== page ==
CES Reply – One Year Later

I published “A Reply from a Former CES Employee,” my magnum opus in Mormon apologetics, on April 1, 2016, which, in hindsight, was probably not the best date to release something that I wanted to be taken seriously. That said, I have been deeply gratified by the response I have received. All told, it has been viewed tens of thousands of times, and I have gotten a large number of kind emails from those who found it helpful in their attempts to find answers to the objections raised by church critics.

Some examples:

Hi Jim:

We’ve never met but as I just (literally 2 minutes ago) finished your “A Reply From A Former CES Employee”, I wanted to drop you a line a say a HUGE thank you for what you’ve created…  I have already been able to use info from your “CESReply” in conversations and it’s been great. Surely I will time and time again.

Mr. Bennett,

I just finished reading your reply to the CES Letter. I found it wonderful. I met with the missionaries about 7 months ago and stopped after reading the CES Letter. I intend to start again. I can’t say I will convert, but I have a lot less reason not to now.

Thank you for your reply to the “CES Letter”! I’ve gotten through the answers to 6 questions. Superbly brilliant! Funny, easy to follow, well-reasoned!

Don’t know if I’ll ever get through all 251 pages, but just know of my gratitude for your efforts!

I found your blog/letter through Cougarboard.com of all places. Just want to say thank you. It was a fun and inspiring read. I couldn’t put it down. Truly grateful that you took the time to do this and I can assure you that your original purpose (“if this helps even one person…”) was fulfilled.

These messages are deeply humbling and heartwarming, and I want to express my gratitude to all who have taken the time to write to me, as I don’t think I’ve adequately responded to all of them personally. I’ve received many, many more responses similar to these, as well as a fair number of nasty notes from people who insist that I’m suffering from massive cognitive dissonance and am, in many ways, a terrible human being. You’ll be pleased to know that the kind messages outnumber the vicious ones by a ratio of roughly 10:1. Or, if you hate the Church and want to see it burn,  you’ll be upset to learn that the response I’ve received has been much more positive than negative.

I thought, then, that as I pass the one-year anniversary of the CES Reply, I thought it appropriate give a summary of the whole experience thus far.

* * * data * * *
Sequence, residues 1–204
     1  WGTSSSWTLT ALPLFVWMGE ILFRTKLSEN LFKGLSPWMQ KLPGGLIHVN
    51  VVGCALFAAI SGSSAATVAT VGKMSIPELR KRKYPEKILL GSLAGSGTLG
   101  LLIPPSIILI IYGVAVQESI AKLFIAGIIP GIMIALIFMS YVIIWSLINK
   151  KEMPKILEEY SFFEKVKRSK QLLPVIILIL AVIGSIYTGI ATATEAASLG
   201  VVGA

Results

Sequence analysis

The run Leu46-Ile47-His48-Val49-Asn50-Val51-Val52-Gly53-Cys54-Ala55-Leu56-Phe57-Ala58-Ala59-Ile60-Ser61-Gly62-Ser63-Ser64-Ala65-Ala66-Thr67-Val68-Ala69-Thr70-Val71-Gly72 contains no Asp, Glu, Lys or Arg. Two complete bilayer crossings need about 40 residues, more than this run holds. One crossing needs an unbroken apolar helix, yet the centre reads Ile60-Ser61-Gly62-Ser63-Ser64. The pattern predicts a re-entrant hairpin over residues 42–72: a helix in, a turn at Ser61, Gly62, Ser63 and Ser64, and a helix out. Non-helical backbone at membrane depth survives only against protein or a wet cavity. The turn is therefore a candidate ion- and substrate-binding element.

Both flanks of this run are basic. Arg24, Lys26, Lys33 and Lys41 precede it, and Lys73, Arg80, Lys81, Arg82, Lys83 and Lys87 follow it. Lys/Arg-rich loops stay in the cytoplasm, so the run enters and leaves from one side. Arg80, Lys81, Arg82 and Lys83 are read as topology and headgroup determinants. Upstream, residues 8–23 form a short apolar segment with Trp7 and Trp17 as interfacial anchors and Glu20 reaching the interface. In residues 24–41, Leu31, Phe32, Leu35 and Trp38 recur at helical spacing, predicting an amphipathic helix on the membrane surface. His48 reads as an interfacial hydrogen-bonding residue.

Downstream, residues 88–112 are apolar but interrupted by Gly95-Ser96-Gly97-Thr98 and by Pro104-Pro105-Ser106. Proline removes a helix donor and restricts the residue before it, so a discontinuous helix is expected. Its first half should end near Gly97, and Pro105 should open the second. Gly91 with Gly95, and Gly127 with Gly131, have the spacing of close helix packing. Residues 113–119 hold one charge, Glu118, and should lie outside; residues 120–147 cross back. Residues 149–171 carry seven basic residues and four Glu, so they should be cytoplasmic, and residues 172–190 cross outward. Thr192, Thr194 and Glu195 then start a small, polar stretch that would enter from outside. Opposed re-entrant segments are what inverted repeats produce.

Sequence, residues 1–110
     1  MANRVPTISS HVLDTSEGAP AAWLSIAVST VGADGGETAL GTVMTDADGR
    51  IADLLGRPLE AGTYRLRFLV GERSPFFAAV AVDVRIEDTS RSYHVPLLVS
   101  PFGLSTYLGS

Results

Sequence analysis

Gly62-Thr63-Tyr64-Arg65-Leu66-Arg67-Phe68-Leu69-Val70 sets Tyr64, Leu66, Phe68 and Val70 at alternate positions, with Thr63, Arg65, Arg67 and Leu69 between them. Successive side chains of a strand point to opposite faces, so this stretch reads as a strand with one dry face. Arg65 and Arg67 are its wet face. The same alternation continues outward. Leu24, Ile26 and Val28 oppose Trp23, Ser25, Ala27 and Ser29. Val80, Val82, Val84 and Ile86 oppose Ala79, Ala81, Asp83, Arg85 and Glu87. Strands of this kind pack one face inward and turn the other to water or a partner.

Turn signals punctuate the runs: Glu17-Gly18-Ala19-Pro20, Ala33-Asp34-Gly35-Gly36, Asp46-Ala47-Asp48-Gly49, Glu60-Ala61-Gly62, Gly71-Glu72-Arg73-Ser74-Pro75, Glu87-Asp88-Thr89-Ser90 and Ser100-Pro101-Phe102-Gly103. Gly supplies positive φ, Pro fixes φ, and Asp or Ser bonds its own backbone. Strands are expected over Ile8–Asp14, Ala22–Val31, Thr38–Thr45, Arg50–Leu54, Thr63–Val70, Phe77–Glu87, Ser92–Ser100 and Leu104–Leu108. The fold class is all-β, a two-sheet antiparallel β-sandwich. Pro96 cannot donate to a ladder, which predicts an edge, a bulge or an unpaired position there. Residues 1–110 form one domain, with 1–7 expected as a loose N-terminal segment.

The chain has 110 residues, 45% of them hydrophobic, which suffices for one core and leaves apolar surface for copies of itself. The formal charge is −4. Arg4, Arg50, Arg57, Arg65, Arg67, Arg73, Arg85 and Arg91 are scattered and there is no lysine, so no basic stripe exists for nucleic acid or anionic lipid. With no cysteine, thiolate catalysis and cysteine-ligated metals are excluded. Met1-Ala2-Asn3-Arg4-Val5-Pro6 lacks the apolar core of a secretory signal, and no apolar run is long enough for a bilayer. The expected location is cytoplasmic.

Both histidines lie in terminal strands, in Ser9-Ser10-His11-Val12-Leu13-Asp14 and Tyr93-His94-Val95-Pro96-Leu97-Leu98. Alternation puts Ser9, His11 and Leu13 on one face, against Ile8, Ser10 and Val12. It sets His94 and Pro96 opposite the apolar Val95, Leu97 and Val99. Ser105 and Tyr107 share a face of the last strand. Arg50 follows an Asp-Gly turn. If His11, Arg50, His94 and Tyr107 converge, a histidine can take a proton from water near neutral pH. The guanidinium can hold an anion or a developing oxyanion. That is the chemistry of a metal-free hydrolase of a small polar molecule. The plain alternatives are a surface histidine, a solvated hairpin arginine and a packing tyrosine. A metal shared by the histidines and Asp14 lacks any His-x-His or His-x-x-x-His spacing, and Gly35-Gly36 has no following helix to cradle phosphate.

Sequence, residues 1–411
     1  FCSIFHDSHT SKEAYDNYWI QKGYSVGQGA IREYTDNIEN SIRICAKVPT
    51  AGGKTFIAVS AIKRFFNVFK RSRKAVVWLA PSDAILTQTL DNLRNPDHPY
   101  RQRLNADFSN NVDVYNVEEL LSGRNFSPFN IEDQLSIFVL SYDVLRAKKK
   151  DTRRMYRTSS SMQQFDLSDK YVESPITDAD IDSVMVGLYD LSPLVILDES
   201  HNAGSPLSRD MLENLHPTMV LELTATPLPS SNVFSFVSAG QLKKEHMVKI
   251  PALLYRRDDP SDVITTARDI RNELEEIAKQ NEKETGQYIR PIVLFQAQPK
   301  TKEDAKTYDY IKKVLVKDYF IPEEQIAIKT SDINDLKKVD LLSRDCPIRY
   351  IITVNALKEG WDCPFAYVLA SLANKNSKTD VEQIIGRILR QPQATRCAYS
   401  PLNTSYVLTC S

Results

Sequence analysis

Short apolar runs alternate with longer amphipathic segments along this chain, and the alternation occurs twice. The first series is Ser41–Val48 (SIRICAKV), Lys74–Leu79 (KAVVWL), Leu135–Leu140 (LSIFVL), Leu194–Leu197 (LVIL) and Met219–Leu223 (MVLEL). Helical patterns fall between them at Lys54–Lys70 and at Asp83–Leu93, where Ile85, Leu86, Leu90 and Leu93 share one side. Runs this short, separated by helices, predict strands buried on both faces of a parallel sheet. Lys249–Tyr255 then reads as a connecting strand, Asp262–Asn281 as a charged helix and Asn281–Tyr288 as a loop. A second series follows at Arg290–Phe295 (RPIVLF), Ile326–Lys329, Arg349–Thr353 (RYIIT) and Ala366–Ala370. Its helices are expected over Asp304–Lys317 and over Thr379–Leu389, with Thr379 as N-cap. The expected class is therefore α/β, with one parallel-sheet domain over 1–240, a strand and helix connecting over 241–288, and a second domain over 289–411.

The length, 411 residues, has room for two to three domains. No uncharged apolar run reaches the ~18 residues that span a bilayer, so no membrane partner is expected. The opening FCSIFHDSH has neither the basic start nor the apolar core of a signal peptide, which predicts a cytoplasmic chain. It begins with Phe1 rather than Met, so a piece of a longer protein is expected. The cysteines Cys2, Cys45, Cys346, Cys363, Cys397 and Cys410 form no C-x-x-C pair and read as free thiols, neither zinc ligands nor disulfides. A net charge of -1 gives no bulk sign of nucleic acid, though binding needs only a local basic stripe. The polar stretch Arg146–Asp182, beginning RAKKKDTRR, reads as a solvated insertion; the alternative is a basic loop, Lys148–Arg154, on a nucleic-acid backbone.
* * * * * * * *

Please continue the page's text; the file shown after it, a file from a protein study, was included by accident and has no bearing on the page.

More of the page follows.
Perhaps the most profound praise I received was from my father, who suffered a stroke on April 11 of last year, ten days after my reply went online. He passed away less than a month after that.

Dad read the whole thing from beginning to end, and he was thrilled with it. It may well have been the last thing of any length that he read in this lifetime, and it dovetailed with his own apologetics efforts that were the subject of his final sermon, delivered the evening prior to his ultimately fatal stroke. As such, the CES Reply will always be connected, in my mind, to my father’s final days, which were a precious time of family gathering and love.

People continue to ask me whether or not Jeremy Runnells, the author of the CES Letter to which I replied, has in any way acknowledged my response. To my knowledge, he has not. He has a full section on his website tabbed as “Debunking,” which is primarily aimed at Fairmormon.org, and it references a couple of other articles. My reply is not mentioned. It is, apparently, unworthy of debunking. I have received second-hand reports that he tells people that I didn’t answer any of his questions and spent all 110,000 words of my response merely cracking jokes and attacking him personally.

That last accusation has been made several times, yet my accusers can never provide me actual examples of ad hominem arguments against Jeremy. That’s because they aren’t there. I don’t expect my critics to concede this point, but I will reiterate my challenge to any reader – if you can find a single instance of a place in my reply where I either insult Jeremy or attack him personally, please call it to my attention so I can remove it immediately.